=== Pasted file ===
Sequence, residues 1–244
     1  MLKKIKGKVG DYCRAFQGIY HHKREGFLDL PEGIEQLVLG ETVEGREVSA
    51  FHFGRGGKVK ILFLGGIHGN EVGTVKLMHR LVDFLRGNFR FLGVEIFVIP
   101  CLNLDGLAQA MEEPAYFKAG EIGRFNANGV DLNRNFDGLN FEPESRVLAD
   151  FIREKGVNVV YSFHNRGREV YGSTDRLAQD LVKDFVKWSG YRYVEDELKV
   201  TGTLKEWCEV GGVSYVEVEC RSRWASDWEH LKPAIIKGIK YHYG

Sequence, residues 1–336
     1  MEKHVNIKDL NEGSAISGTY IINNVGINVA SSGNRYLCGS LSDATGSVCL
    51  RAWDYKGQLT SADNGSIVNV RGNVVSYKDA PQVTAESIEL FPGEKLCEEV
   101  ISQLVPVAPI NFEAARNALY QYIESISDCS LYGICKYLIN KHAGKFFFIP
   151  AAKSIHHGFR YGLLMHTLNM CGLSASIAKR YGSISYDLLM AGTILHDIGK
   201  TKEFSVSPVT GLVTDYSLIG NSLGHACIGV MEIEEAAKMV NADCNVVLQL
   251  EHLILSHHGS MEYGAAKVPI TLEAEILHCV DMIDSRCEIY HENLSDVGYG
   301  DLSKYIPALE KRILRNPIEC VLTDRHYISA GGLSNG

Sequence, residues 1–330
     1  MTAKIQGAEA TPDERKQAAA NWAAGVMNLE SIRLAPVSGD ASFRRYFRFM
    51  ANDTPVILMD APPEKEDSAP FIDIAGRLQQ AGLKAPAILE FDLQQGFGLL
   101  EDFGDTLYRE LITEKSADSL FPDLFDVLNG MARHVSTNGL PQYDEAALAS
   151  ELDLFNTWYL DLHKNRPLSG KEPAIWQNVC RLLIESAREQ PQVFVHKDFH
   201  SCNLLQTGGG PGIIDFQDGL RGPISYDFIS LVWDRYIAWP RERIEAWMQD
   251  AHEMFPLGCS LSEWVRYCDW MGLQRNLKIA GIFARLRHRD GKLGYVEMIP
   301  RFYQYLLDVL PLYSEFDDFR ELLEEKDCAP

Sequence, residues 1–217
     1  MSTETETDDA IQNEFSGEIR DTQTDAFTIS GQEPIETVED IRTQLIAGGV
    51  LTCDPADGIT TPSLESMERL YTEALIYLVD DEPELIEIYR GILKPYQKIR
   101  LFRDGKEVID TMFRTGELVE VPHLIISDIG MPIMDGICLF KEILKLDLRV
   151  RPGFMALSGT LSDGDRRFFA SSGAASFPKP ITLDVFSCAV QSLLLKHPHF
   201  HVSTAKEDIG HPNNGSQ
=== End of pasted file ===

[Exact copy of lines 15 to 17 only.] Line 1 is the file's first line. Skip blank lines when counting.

Sequence, residues 1–330
     1  MTAKIQGAEA TPDERKQAAA NWAAGVMNLE SIRLAPVSGD ASFRRYFRFM
    51  ANDTPVILMD APPEKEDSAP FIDIAGRLQQ AGLKAPAILE FDLQQGFGLL